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Divergence of an infinite series (using the def of limit)

  1. Oct 23, 2009 #1
    1. The problem statement, all variables and given/known data
    Given that [tex]a_{n} > 0[/tex] and [tex]lim(na_{n}) = l[/tex] with [tex]l\neq0[/tex],
    prove that [tex]\sum a_{n}[/tex] diverges.


    2. Relevant equations



    3. The attempt at a solution

    lim(na_n)=l (with =/= 0), so I can safely say that:

    [tex]\left|na_{n}-l\right| < \epsilon[/tex] by the definition of limit.

    Then isn't it also true that [tex]\left|a_{n}-l\right| < \epsilon[/tex] because [tex]\left|a_{n}-l\right| \leq \left|na_{n}-l\right|[/tex] and is smaller than the same epsilon?

    From there it would imply that a_n converges to l which is never 0, so the sum of a_n would not converge either.
     
    Last edited: Oct 24, 2009
  2. jcsd
  3. Oct 24, 2009 #2

    Office_Shredder

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    In fact, you expect |an-l| to be approximately l for large values of n. Why? Because nan converges to a value, so an must go to zero since n goes to infinity
     
  4. Oct 24, 2009 #3
    I made a mistake on the original post. The goal is to prove that [tex]\sum a_{n}[/tex] diverges. Sorry about that... Does my explanation make more sense now?
     
  5. Oct 24, 2009 #4

    Office_Shredder

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    This part is true

    This part isn't. For example, if an=1/n, then nan converges to 1, but an converges to 0!
     
  6. Oct 24, 2009 #5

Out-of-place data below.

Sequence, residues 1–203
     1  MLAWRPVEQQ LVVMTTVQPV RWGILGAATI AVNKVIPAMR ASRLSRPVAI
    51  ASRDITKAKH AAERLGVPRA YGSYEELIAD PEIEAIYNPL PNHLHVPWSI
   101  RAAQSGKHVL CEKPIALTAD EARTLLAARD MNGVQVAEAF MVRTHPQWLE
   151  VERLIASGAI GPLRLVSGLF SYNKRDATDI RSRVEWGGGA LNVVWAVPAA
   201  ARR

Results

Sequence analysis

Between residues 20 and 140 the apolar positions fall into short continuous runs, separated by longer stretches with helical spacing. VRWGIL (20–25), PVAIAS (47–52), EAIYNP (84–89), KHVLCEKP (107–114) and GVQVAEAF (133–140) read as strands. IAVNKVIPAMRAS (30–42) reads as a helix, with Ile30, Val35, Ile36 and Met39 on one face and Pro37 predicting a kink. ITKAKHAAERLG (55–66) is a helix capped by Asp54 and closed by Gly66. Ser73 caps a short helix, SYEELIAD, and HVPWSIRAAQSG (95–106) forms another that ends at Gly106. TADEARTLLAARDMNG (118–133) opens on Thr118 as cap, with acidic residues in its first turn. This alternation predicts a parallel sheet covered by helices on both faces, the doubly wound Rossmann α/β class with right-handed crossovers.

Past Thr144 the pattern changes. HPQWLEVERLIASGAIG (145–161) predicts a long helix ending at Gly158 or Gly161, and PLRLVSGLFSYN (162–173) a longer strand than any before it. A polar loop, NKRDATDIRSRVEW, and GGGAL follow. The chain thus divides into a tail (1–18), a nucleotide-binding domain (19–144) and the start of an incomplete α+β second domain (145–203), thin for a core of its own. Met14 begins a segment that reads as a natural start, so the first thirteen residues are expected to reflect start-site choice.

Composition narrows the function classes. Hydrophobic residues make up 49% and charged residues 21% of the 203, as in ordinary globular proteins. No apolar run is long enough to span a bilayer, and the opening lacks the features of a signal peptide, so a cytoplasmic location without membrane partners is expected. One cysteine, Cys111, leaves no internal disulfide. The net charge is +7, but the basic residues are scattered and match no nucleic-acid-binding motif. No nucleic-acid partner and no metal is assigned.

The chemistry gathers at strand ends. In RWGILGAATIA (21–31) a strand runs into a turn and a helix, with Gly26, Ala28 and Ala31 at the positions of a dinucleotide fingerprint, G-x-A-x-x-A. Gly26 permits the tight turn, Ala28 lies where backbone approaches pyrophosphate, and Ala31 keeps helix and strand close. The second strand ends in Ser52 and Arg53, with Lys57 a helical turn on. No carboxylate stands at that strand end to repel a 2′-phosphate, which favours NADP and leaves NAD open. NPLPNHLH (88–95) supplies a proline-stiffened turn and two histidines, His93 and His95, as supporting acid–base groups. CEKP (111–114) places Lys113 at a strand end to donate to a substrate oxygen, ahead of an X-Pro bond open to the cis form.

ok, thank you. I think I proved it by letting epsilon = 2l (which is >0 because a_n >0)

    Then [tex]-2l < na_{n}-l < 2l[/tex] implies [tex]-l < na_{n} < 3l[/tex], which implies [tex]-l/n < a_{n}[/tex]

    Since ∑ -l/n = (-1)*∑ 1/n which doesn't converge, by comparison test a_n doesn't converge.
     
  7. Oct 24, 2009 #6

    Office_Shredder

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    You have that -l/n<an<3l/n

    This doesn't tell you anything! an could be, for example, 1/n2 and satisfy this. The comparison test only works when all the terms in both series are positive

    When you have

    |nan-l|<e, what can you say about |an-l/n|?
     
  8. Oct 24, 2009 #7
    |an-l/n| approaches 0 doesn't it? I'm not sure if this was what you were getting at... I understand that an is some form of 1/n, but I want to prove that by using the e def of limit and without providing a specific an that works.

    How about if e = l/2? Then I would have l/2 < an < l/2 + l. Couldn't I use the comparison test on l/2 < an? Thanks again.
     
  9. Oct 24, 2009 #8

    Office_Shredder

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    Stop trying to bound it below by a single number. You know an goes to zero, so if you can bound it below by l/2, you have a contradiction. I don't see how you got that last inequality

    |an-l/n| goes to zero, but how?

    Look:
    [tex] |na_n-l|< \epsilon \rightarrow |a_n-\frac{l}{n}|< \frac{ \epsilon}{n}[/tex]

    So what can we say about an? For large enough n, this:

    [tex] \frac{l}{n} - \frac{ \epsilon}{n} < a_n < \frac{l}{n} + \frac{ \epsilon}{n}[/tex]

    So what value of epsilon do you want, and what series are you comparing to?
     
  10. Oct 24, 2009 #9
    If [tex]\epsilon = \frac{l}{2}[/tex], we have [tex]\left| na_{n} - l \right| < \epsilon = \frac{l}{2}[/tex]

    which [tex]= -\frac{l}{2} < na_{n} - l < \frac{l}{2}[/tex]

    [tex]= -\frac{l}{2n} < a_{n} - l < \frac{l}{2n}[/tex]

    [tex]= -\frac{l}{2n} + l < a_{n} < \frac{l}{2n} + l[/tex]

    [tex]= \frac{l}{2n} < a_{n} < \frac{l}{2n} + l[/tex]
     
  11. Oct 24, 2009 #10


    Can [tex]\epsilon = \frac{l+\epsilon}{n}[/tex]?...
     
  12. Oct 24, 2009 #11

    Office_Shredder

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    Probably not...

    You had the right idea with comparison test. You just need to figure out what value of epsilon gives you something useful
     
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